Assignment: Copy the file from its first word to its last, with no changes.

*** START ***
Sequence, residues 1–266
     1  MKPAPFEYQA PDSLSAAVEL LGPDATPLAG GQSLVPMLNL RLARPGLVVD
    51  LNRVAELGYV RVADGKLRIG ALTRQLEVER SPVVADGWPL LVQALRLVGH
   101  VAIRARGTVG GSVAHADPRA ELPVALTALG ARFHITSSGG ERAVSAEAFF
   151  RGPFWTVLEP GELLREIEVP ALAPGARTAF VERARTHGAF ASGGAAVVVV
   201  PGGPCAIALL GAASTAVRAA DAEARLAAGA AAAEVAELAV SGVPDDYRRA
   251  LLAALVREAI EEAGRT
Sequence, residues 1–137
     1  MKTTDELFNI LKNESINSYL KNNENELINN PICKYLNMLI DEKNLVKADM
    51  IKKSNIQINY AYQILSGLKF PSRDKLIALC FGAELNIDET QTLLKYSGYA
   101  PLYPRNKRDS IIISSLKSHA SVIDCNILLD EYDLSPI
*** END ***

Sequence, residues 1–266
     1  MKPAPFEYQA PDSLSAAVEL LGPDATPLAG GQSLVPMLNL RLARPGLVVD
    51  LNRVAELGYV RVADGKLRIG ALTRQLEVER SPVVADGWPL LVQALRLVGH
   101  VAIRARGTVG GSVAHADPRA ELPVALTALG ARFHITSSGG ERAVSAEAFF
   151  RGPFWTVLEP GELLREIEVP ALAPGARTAF VERARTHGAF ASGGAAVVVV
   201  PGGPCAIALL GAASTAVRAA DAEARLAAGA AAAEVAELAV SGVPDDYRRA
   251  LLAALVREAI EEAGRT
Sequence, residues 1–137
     1  MKTTDELFNI LKNESINSYL KNNENELINN PICKYLNMLI DEKNLVKADM
    51  IKKSNIQINY AYQILSGLKF PSRDKLIALC FGAELNIDET QTLLKYSGYA
   101  PLYPRNKRDS IIISSLKSHA SVIDCNILLD EYDLSPI